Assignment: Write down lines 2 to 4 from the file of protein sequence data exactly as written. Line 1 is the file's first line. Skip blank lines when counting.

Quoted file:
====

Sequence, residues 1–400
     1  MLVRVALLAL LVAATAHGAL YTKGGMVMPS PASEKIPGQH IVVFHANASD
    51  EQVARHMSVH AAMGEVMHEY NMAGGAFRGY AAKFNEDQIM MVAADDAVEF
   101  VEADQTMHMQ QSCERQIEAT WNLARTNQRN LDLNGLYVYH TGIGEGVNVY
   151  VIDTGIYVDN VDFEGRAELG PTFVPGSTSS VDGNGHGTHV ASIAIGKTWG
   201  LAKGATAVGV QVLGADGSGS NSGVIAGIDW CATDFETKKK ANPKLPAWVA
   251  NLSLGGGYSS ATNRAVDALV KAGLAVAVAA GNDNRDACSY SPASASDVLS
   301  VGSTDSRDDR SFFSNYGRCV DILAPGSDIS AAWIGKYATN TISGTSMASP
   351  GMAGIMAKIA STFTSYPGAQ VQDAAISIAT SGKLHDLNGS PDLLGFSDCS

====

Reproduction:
     1  MLVRVALLAL LVAATAHGAL YTKGGMVMPS PASEKIPGQH IVVFHANASD
    51  EQVARHMSVH AAMGEVMHEY NMAGGAFRGY AAKFNEDQIM MVAADDAVEF
   101  VEADQTMHMQ QSCERQIEAT WNLARTNQRN LDLNGLYVYH TGIGEGVNVY